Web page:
Saturday, June 22, 2019

A Rare Life, a Rarer Good

A young man in the wilderness, at the point of death, is found and rescued by the first man who'd ever been good to him. 1956's Jubal shows how difficult such a seemingly simple relationship can be in the proximity of dissatisfied people, spurred by passionate compulsions. A Delmer Daves western with stunning location shots and a fantastic cast, parts of this film don't really work yet it's hard to say exactly what you could take out without breaking what does work.

It's a story with shades of Othello and a number of great, sweaty love triangle movies of the '50s (A Streetcar Named Desire, Baby Doll). Jubal (Glenn Ford), the young man, gets a job as a cowhand at his benefactor's ranch, a gregarious and simple hearted man named Shep (Ernest Borgnine).

Trouble begins almost immediately when a cowhand named Pinky (Rod Steiger) shows an intense dislike for Jubal. It's hard to explain why Pinky feels so strongly--he derides Jubal for being willing to accept work as a sheephand but the hatred feels more personal than professional disgust. Much of the plot is driven by Pinky's inexplicable hatred. It's a good thing method actor Rod Steiger is in the role to give it reality of some kind with his bizarre but credibly loud and scenery-chewing performance. Instead of being a flat villain whose existence is entirely about being a foil, Steiger creates someone who seems like he has real psychological issues the film simply never explores or hints at.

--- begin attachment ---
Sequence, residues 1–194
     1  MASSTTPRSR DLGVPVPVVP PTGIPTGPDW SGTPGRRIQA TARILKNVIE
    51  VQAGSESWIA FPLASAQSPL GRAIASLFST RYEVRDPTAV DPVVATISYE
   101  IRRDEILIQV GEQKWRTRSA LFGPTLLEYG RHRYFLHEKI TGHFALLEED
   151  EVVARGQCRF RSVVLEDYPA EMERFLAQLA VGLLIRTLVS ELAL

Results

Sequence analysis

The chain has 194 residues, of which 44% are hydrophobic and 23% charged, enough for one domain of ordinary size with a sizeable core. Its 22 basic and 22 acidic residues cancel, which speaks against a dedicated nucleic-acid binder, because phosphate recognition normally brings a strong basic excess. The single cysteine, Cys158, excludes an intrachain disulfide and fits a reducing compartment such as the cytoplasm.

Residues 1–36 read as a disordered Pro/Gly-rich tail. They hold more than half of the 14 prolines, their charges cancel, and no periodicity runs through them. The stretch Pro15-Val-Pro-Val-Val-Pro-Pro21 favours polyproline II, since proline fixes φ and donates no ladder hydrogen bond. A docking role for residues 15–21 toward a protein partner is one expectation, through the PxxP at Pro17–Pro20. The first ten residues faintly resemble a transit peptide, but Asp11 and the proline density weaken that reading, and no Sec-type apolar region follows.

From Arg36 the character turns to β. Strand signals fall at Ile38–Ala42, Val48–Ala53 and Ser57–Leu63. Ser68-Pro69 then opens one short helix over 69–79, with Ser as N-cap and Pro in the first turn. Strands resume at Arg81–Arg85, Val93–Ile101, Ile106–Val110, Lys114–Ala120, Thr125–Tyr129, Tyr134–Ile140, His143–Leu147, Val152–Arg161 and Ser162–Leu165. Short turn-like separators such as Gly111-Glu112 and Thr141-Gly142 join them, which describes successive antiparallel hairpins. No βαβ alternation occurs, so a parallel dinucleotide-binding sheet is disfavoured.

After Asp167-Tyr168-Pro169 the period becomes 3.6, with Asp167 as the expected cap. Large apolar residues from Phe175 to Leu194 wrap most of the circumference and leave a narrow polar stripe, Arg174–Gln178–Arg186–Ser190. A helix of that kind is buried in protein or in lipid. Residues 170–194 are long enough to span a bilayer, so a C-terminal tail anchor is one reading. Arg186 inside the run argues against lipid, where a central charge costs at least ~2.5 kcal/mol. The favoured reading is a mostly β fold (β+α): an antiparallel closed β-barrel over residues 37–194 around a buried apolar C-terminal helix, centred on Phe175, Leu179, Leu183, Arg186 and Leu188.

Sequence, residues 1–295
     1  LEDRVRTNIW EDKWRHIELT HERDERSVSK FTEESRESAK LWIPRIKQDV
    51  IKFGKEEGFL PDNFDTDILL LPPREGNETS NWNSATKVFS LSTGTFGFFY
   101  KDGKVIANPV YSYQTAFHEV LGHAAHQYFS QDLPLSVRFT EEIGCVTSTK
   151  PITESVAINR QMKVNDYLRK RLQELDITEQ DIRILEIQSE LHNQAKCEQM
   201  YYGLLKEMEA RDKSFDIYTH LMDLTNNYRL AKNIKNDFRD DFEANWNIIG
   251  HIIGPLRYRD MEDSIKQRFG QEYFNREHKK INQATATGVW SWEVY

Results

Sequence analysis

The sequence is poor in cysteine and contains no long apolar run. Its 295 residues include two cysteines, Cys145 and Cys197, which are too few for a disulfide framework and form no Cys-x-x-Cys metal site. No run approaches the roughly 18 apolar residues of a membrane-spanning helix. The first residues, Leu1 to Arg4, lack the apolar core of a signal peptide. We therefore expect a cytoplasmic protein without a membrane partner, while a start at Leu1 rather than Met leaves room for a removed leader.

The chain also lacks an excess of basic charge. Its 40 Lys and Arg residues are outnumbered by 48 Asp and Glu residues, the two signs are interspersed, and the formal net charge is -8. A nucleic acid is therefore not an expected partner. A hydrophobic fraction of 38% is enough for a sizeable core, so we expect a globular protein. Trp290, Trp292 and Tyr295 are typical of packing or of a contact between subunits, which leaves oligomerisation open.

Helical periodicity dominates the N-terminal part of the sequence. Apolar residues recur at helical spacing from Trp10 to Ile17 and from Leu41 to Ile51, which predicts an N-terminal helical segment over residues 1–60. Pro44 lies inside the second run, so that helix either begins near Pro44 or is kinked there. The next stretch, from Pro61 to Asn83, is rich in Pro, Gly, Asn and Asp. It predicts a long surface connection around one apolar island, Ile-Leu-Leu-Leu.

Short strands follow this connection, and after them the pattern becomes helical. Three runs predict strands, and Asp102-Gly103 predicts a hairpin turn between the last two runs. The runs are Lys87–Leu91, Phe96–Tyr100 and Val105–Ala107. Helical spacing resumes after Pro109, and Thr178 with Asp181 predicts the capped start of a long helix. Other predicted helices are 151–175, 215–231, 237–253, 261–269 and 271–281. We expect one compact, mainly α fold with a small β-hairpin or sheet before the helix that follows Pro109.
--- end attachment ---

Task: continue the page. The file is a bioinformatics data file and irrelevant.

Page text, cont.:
The other thorn in everyone's side is Mae (Valerie French), Shep's wife. Her attempts to seduce Jubal make a lot more sense; just try to imagine what life must be like, staying at home on a remote ranch, sleeping with a big dope night after night. One can understand her boredom even if one doesn't approve of her betrayal of Shep who really is a nice guy.

Ford's performance is the film's acting centrepiece as he struggles to keep ahold of the solid, simple thing he has going with his new friends for the first time in a hard life. He admits he is attracted to Mae but he tells her there's a difference between that and being in love with her. He doesn't have to sleep with her to find out this truth unlike so many other film protagonists. He just desperately hopes his insight is enough to save things. But the best intentions make no account for maliciously propagated misunderstandings when Pinky imposes a likely interpretation on Jubal being late from escorting Mae home one night.

With some good supporting performances from Charles Bronson and Jack Elam, this is a lovely western and tragedy. Jubal is available on The Criterion Channel.

Twitter Sonnet #1248

A team of cars created wheels to roll.
Contented ziti baked in all the sauce.
A time delivered food to feed the whole.
For ev'ry meal the human burns a loss.
The wheels of circ'ling bikes converge apace.
A flicker draws nocturnal eyes above.
A morning mist creates an ev'ning trace.
The growth of fingers stretched the pliant glove.
The horses trot in threes across the creek.
A swinging block adorns the empty frame.
Against projectors minds'll always seek.
A million faces never look the same.
The shorter arms ascend the paper rock.
The dullest scissors cut the thickest sock.

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